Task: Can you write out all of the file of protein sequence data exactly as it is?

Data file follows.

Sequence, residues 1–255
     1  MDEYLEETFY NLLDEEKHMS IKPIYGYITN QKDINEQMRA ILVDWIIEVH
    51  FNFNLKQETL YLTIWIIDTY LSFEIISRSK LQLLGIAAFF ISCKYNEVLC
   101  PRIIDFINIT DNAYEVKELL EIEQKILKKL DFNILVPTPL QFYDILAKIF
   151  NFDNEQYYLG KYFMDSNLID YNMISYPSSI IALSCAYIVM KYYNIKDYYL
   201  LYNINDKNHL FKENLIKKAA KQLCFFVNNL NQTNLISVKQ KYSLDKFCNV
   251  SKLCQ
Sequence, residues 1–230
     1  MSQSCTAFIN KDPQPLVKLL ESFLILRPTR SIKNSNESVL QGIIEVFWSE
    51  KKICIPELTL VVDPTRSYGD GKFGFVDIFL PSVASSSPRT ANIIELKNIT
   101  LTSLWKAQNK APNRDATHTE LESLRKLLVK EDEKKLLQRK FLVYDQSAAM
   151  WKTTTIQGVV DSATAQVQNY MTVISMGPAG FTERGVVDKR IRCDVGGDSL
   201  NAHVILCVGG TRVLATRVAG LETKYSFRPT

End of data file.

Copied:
Sequence, residues 1–255
     1  MDEYLEETFY NLLDEEKHMS IKPIYGYITN QKDINEQMRA ILVDWIIEVH
    51  FNFNLKQETL YLTIWIIDTY LSFEIISRSK LQLLGIAAFF ISCKYNEVLC
   101  PRIIDFINIT DNAYEVKELL EIEQKILKKL DFNILVPTPL QFYDILAKIF
   151  NFDNEQYYLG KYFMDSNLID YNMISYPSSI IALSCAYIVM KYYNIKDYYL
   201  LYNINDKNHL FKENLIKKAA KQLCFFVNNL NQTNLISVKQ KYSLDKFCNV
   251  SKLCQ
Sequence, residues 1–230
     1  MSQSCTAFIN KDPQPLVKLL ESFLILRPTR SIKNSNESVL QGIIEVFWSE
    51  KKICIPELTL VVDPTRSYGD GKFGFVDIFL PSVASSSPRT ANIIELKNIT
   101  LTSLWKAQNK APNRDATHTE LESLRKLLVK EDEKKLLQRK FLVYDQSAAM
   151  WKTTTIQGVV DSATAQVQNY MTVISMGPAG FTERGVVDKR IRCDVGGDSL
   201  NAHVILCVGG TRVLATRVAG LETKYSFRPT